7 they lower the cost of controlling thought they

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7. They lower the cost of controlling thought -- they help coordinate thought We use maps to orient ourselves, often do extra actions such as muttering, gesturing use Using GPS - low cost of controlling thought There are seven ways (article says seven but lists eight): a. They change the cost structure of the inferential landscape; i. People are coupled to their outside environments, when dealing with 2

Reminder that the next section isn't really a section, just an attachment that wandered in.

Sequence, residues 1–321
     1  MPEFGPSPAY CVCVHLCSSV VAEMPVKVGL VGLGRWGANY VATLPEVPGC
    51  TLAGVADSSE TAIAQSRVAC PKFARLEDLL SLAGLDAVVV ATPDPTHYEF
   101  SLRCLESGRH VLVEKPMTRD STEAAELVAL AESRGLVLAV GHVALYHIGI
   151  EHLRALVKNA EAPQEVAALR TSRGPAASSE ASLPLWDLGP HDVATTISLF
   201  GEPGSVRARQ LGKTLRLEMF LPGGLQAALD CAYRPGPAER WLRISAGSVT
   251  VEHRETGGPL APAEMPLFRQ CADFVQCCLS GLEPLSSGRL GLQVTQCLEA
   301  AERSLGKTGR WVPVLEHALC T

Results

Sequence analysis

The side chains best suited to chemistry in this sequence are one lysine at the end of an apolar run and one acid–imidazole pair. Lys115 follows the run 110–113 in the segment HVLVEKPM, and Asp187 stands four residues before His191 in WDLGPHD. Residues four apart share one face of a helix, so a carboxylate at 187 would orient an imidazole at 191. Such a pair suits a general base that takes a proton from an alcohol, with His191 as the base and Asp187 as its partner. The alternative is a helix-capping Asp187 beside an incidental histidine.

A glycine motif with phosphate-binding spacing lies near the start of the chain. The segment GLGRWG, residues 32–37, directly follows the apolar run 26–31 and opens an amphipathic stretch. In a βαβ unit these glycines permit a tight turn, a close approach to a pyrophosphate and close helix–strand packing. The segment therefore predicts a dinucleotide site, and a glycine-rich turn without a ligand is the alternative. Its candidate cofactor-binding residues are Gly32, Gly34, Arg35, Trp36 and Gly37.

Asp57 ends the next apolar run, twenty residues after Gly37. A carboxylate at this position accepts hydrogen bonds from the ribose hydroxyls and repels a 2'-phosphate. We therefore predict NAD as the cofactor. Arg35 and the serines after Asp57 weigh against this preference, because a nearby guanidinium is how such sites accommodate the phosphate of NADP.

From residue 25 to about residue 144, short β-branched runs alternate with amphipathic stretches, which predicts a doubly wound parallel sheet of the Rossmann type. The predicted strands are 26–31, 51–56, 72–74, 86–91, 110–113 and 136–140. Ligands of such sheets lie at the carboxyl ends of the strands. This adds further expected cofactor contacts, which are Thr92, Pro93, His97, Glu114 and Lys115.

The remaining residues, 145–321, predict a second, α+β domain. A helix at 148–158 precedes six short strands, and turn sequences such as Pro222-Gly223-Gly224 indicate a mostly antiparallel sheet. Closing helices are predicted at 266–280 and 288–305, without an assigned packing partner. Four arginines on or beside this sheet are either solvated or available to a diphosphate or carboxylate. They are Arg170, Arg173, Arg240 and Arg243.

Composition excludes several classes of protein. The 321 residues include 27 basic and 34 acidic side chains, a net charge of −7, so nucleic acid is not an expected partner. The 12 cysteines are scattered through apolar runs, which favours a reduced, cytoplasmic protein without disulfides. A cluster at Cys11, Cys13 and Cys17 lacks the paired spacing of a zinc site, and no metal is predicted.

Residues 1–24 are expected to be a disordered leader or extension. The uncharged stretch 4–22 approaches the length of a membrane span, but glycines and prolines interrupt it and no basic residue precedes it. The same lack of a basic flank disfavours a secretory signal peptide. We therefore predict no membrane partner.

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complex problems it is useful to use external representations b. They provide a structure that can serve as a shareable object of thought; i. We can use or create objects that can be seen by other people c. They create persistent referents; i. When we manipulate objects in the real world we know it is the same object d. They facilitate re-representation ; i. We can easily rearrange and reformulate external reps e. They are often a more natural representation of structure than mental representations ; i. An external representation is more accurate and representative of real world than mental simulations f. They facilitate the computation of more explicit encoding of information ; i. Think of simplifying a complex math problem, more explicit is simpler. We can simplify external reps easier. g. They enable the construction of arbitrarily complex structure ; i. Some things in life are incredibly complicated, we can construct these in real life h. They lower the cost of controlling thought—they help coordinate thought . i. We use maps to orient ourselves, often do extra actions such as muttering, gesturing when doing so 2. Can we function without external representations (by just having representations in our head)?- a. At the top of page twelve, left column, Kirsh states, “...physical interaction with tangible elements is a necessary part of our thinking process because there are occasions when we must harness physical processes to formulate and transition between thoughts. There are cognitive things we can do outside our heads that we simply cannot do inside…” Then he argues the point basically saying that even though much of our use of external representation comes down to cost, there are complex interactions that are irreducible to simpler processes that can be done in the head. b. I think no. If we could get away by using just internal representations, we wouldn’t have to connect to the world. But we already know from embodied cognition that we need to connect to the world externally. We also wouldn’t know if we are right in our representations since we rely on others to correct us when we go wrong and don’t know it. c. No, these external representations help us to think the previously unthinkable. We need to integrate multiple representations or else certain discoveries would be out of reach. (e.g. We cannot measure the value of a physical magnitude without measuring it nor most of us can compute a complex math problem in our heads) d. Additionally to all of those arguments, he presents a counter argument “ Any given person may reach their computational limit on problems much smaller than n. And our technology and culture has evolved to support the majority of people. So, in practice, all
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